* Companies head online for funding as banks retreat
* Investors’ invoices returns better than stocks and bonds
* Invoice financing: more than 1 trillion euros last year
By Kylie MacLellan
LONDON, Aug 23 (Reuters) - A new twist on an old way of lending is giving wealthy investors the chance to make profits from money owed to small businesses.
Invoice financing - advancing funds to firms by buying their outstanding sales invoices - is booming as a flurry of new websites provide an online platform for investors to step into a gap left by retreating banks.
New regulations after the financial crisis have forced traditional lenders to cut risky financing and left many small businesses short of funds. Now companies can hook up with wealthy investors who have been struggling to find big returns amid flat interest rates and rocky markets.
“Cash-rich investors are finding it hard to put their money into sound investments. Many businesses need finance that has been withdrawn by the traditional banks,” said the head of one company managing investments for a wealthy family, which is registered with new UK website Platform Black.
“It makes sense to ... let these people work together without the restrictions, costs and lack of flexibility that exist when the banks get involved.”
U.S. site The Receivables Exchange was an early platform, founded in 2007. It says more than $1.5 billion has been funded to small and medium-sized businesses through the exchange since then and more than 2,000 businesses registered.
In Europe the growing popularity of invoice financing has seen the creation of Sweden’s Fakturaborsen and Debitos in Germany as well as two UK websites, Platform Black and MarketInvoice. Some 25 million pounds ($39.5 million) has been advanced through the latter since it was founded 18 months ago.
Last year the invoice finance sector, which includes services such as factoring, invoice discounting and supply chain finance, provided clients with more than 1 trillion euros of funding in Europe alone, according to research by technology and consultancy firm Demica.
Invoice financers are among a string of alternative lenders which have emerged online, the internet easing both the process of matching up investors with firms and the transfer of money.
Others include peer-to-peer lending and crowdfunding, where members of the public can invest as little as 10 pounds, either as a business loan or in return for a small stake. Money can be locked in for years and with the latter there is no guarantee of a return.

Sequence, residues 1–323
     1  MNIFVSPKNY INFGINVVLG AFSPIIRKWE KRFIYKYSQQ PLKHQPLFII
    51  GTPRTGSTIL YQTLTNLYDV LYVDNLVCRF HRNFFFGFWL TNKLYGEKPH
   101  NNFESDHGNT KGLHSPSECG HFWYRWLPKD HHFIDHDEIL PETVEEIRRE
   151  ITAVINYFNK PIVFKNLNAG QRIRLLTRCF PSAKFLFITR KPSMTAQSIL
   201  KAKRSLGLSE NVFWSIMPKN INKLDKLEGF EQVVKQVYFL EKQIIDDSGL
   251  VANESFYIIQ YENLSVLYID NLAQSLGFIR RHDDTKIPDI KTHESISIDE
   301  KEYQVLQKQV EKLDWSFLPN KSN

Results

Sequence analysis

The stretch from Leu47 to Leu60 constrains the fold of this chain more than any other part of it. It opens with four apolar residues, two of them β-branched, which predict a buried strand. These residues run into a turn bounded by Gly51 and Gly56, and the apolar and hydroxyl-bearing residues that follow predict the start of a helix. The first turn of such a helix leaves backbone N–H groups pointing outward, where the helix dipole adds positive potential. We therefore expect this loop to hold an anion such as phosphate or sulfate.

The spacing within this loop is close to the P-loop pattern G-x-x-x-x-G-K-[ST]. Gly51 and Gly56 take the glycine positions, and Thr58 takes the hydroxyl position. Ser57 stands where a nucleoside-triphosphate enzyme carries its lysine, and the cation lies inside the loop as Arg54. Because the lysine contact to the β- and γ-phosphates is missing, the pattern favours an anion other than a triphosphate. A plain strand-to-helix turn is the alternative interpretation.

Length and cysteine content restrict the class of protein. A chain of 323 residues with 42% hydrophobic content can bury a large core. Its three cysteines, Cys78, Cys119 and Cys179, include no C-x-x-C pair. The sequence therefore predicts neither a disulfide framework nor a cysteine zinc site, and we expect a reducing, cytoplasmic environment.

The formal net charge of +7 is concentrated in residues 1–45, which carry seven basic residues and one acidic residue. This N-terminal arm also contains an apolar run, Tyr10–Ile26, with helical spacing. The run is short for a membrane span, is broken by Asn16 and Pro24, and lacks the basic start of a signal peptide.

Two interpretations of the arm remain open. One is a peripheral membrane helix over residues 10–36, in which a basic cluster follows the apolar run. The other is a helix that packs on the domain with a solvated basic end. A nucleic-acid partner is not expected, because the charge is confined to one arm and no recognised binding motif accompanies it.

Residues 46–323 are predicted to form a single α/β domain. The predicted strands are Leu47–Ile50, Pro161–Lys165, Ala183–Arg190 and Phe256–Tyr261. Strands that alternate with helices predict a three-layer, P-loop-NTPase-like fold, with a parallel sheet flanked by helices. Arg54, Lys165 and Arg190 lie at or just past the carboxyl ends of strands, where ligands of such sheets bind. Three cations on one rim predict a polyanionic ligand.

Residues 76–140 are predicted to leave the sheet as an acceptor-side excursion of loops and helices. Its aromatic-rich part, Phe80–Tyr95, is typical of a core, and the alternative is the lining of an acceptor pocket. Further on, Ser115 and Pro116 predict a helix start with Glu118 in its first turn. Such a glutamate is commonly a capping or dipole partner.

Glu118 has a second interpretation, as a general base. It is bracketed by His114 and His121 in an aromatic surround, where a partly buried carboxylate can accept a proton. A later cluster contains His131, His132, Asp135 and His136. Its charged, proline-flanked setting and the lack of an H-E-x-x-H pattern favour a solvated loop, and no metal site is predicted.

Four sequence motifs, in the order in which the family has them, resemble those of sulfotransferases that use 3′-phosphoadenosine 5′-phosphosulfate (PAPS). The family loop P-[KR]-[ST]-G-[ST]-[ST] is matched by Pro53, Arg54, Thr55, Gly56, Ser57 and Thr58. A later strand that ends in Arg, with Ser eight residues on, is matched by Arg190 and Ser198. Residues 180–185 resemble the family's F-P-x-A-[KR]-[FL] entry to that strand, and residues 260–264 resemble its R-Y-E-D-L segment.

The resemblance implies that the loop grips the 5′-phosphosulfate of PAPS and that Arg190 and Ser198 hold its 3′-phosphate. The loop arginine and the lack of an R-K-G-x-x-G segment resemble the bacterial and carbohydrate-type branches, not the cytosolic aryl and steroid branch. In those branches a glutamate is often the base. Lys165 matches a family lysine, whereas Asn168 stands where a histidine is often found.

By comparison the invoice auction sites focus on sophisticated investors - MarketInvoice requires them to be able to put in at least 50,000 pounds - who invest for fixed periods of time, usually 30 to 90 days.
Firms auction their invoices and pay an additional fee to investors for boosting the company’s cash flow. The websites charge investors a percentage of their gain and businesses a percentage of the invoice. Some also levy a membership fee.
On MarketInvoice, annualised returns vary between 10 and 24 percent depending on an investor’s portfolio of invoices. Average returns are around 16 percent. I nvestors have made an average of 1.5 to 2 percent per month through Platform Black, which began running auctions in June.
In contrast, the UK’s FTSE All Share index fell around 3.3 percent in the year to the end of July, while the average return on bond funds available in the UK over the same period was just 0.63 percent.
The latest form of invoice financing is more flexible than before, when banks typically required companies to sell all their invoices and pay an ongoing service fee.
By comparison the auction websites let companies pick and choose which invoices to sell, and investors are able to buy partial invoices. The average MarketInvoice auction of 80,000 to 100,000 pounds is typically taken by 2-4 buyers who include hedge funds, asset managers, wealth managers and individuals.
Risk is more transparent, as most of the sites include access to credit data. The process is also more straightforward.
“This is a very efficient way of buying and selling invoices. There is not tonnes of paperwork. I just point and click,” said Anu Choraria, who runs a London-based independent fund and invests her own money through MarketInvoice. She plans to commit around 250,000 pounds within a year.
Returns from invoices have fallen as competition among buyers increases and firms coming back for repeat business can command smaller discounts. But investors expect this to even out as more companies sign up and markets remain volatile.
“I know of many other investors ... who will be considering this new asset class in the coming months, especially as interest rates remain low and may even trend lower,” said one wealthy individual investing through Platform Black.